The Works of Charles and Mary Lamb — Volume 2 eBook

This eBook from the Gutenberg Project consists of approximately 713 pages of information about The Works of Charles and Mary Lamb — Volume 2.
a contrary emotion?—­Cervantes, stung, perchance, by the relish with which his Reading Public had received the fooleries of the man, more to their palates than the generosities of the master, in the sequel let his pen run riot, lost the harmony and the balance, and sacrificed a great idea to the taste of his contemporaries.  We know that in the present day the Knight has fewer admirers than the Squire.  Anticipating, what did actually happen to him—­as afterwards it did to his scarce inferior follower, the Author of “Guzman de Alfarache”—­that some less knowing hand would prevent him by a spurious Second Part:  and judging, that it would be easier for his competitor to out-bid him in the comicalities, than in the romance, of his work, he abandoned his Knight, and has fairly set up the Squire for his Hero.  For what else has he unsealed the eyes of Sancho; and instead of that twilight state of semi-insanity—­the madness at second-hand—­the contagion, caught from a stronger mind infected—­that war between native cunning, and hereditary deference, with which he has hitherto accompanied his master—­two for a pair almost—­does he substitute a downright Knave, with open eyes, for his own ends only following a confessed Madman; and offering at one time to lay, if not actually laying, hands upon him!  From the moment that Sancho loses his reverence, Don Quixote is become a—­treatable lunatic.  Our artists handle him accordingly.

[Footnote 1:  Yet from this Second Part, our cried-up pictures are mostly selected; the waiting-women with beards, &c.]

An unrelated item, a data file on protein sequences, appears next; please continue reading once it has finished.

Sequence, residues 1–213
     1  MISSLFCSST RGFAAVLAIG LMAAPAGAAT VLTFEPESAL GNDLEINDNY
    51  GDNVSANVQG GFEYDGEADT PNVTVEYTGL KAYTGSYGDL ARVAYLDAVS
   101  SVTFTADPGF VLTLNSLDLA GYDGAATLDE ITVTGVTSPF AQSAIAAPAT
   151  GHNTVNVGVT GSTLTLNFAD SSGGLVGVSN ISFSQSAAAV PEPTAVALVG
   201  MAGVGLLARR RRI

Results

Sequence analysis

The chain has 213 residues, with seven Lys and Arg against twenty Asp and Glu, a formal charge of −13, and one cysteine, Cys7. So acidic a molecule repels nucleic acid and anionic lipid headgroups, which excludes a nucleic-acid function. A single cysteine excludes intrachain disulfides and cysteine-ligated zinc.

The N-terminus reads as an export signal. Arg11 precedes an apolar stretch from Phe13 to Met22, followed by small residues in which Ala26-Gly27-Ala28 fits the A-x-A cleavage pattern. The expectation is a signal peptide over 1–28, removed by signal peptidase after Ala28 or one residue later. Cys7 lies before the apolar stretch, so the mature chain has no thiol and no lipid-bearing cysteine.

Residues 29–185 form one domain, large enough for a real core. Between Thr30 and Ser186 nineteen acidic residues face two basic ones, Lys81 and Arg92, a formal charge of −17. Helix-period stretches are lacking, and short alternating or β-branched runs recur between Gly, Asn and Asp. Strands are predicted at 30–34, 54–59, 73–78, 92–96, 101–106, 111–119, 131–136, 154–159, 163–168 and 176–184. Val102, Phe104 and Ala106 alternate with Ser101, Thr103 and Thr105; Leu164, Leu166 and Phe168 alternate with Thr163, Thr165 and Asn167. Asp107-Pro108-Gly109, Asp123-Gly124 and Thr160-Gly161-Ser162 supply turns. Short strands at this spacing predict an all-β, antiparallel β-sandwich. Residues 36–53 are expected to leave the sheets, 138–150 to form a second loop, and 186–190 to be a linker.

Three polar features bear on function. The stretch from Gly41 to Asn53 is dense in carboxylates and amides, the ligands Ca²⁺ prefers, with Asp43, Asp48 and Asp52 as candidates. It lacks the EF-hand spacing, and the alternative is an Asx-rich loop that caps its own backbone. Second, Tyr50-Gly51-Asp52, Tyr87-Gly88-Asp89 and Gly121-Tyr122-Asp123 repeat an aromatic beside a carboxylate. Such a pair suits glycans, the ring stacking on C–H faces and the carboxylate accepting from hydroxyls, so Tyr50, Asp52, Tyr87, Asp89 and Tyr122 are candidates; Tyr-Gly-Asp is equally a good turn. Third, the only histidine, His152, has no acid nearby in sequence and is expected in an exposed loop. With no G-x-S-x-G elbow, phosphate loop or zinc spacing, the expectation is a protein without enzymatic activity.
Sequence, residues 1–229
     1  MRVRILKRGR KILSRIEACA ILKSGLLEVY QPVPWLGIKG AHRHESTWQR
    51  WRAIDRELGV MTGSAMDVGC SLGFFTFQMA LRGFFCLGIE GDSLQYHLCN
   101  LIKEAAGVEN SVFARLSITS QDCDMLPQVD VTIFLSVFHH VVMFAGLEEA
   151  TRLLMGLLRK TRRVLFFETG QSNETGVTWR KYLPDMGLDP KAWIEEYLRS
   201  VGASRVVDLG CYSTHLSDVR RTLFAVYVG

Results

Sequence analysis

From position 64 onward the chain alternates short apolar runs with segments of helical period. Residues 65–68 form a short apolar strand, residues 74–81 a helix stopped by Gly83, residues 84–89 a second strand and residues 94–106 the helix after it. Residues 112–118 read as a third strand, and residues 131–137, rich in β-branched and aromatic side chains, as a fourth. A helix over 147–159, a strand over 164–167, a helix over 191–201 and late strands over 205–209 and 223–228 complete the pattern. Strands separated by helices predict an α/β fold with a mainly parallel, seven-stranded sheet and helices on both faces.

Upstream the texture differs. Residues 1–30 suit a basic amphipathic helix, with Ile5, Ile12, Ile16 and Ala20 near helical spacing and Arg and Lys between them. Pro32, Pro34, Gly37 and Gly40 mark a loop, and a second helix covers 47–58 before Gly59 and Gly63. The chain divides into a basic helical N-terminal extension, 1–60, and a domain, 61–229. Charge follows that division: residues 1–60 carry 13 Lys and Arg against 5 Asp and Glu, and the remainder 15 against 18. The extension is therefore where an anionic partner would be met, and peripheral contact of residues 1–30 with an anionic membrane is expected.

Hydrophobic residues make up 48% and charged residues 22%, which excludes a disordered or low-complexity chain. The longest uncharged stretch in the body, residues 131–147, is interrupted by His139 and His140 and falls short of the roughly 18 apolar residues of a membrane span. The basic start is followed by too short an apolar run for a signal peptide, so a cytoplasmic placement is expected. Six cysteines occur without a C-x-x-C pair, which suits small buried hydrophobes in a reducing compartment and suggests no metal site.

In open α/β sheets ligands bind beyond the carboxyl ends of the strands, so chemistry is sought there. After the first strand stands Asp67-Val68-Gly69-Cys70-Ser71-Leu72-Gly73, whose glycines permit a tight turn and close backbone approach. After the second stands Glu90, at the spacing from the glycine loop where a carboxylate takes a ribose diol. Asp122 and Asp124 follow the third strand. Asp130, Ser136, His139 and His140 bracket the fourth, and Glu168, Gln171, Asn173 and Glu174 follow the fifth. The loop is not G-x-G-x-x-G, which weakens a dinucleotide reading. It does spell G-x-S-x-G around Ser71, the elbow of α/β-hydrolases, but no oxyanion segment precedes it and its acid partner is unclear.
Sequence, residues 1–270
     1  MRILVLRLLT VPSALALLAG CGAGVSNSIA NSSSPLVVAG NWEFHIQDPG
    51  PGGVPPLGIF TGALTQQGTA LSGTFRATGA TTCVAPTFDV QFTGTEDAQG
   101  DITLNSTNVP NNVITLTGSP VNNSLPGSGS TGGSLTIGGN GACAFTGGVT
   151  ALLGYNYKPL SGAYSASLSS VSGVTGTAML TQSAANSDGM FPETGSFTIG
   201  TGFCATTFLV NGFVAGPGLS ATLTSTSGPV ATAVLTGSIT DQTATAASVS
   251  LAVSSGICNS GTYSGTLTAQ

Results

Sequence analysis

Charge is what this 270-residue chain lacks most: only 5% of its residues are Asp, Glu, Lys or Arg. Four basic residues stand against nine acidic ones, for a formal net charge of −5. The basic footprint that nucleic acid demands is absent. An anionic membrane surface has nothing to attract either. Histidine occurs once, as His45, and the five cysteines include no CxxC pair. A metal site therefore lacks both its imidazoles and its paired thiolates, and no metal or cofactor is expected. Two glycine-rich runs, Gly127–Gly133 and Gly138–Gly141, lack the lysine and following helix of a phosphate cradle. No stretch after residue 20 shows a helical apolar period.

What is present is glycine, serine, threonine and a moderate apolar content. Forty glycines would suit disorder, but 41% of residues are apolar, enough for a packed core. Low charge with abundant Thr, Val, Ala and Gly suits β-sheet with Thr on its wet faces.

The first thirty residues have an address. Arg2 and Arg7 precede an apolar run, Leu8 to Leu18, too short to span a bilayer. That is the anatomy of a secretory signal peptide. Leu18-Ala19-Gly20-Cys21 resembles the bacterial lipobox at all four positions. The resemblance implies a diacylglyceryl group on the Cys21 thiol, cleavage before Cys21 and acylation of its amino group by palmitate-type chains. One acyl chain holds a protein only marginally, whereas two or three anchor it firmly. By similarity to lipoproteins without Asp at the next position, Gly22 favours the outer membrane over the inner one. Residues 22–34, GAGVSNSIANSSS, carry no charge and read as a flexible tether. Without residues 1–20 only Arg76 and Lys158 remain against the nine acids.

The Old Year being dead, and the New Year coming of age, which he does, by Calendar Law, as soon as the breath is out of the old gentleman’s body, nothing would serve the young spark but he must give a dinner upon the occasion, to which all the Days in the year were invited.  The Festivals, whom he deputed as his stewards, were mightily taken with the notion.  They had been engaged time out of mind, they said, in providing mirth and good cheer for mortals below; and it was time they should have a taste of their own bounty.  It was stiffly debated among them, whether the Fasts should be admitted.  Some said, the appearance of such lean, starved guests, with their mortified faces, would pervert the ends of the meeting.  But the objection was over-ruled by Christmas Day, who had a design upon Ash Wednesday (as you shall hear), and a mighty desire to see how the old Domine would behave himself in his cups.  Only the Vigils were requested to come with their lanterns, to light the gentlefolks home at night.

All the Days came to their day.  Covers were provided for three hundred and sixty-five guests at the principal table:  with an occasional knife and fork at the side-board for the Twenty-Ninth of February.

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The Works of Charles and Mary Lamb — Volume 2 from Project Gutenberg. Public domain.
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